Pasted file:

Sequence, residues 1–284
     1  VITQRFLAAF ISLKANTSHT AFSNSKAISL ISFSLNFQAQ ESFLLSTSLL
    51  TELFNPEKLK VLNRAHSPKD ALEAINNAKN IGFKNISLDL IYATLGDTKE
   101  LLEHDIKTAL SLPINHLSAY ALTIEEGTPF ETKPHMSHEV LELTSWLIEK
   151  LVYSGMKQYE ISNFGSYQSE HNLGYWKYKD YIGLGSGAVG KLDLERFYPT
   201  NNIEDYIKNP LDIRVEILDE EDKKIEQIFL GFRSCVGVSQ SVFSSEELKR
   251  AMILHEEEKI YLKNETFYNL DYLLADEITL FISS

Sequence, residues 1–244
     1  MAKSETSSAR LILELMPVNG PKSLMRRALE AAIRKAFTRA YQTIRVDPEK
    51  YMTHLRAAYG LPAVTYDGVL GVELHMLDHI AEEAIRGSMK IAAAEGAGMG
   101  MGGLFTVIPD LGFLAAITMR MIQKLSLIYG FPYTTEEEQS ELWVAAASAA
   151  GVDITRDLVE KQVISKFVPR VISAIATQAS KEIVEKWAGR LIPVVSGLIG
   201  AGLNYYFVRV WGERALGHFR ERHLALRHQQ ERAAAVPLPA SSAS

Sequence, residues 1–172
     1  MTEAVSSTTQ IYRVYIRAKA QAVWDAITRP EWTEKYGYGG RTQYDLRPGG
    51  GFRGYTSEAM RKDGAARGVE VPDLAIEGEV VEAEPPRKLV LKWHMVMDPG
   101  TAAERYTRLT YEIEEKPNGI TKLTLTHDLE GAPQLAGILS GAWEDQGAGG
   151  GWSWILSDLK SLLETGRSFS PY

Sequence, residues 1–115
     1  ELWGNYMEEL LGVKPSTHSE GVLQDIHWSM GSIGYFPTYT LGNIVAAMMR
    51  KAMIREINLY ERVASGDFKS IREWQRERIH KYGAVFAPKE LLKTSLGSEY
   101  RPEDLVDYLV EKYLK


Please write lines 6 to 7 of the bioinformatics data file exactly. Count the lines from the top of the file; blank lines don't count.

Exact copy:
   201  NNIEDYIKNP LDIRVEILDE EDKKIEQIFL GFRSCVGVSQ SVFSSEELKR
   251  AMILHEEEKI YLKNETFYNL DYLLADEITL FISS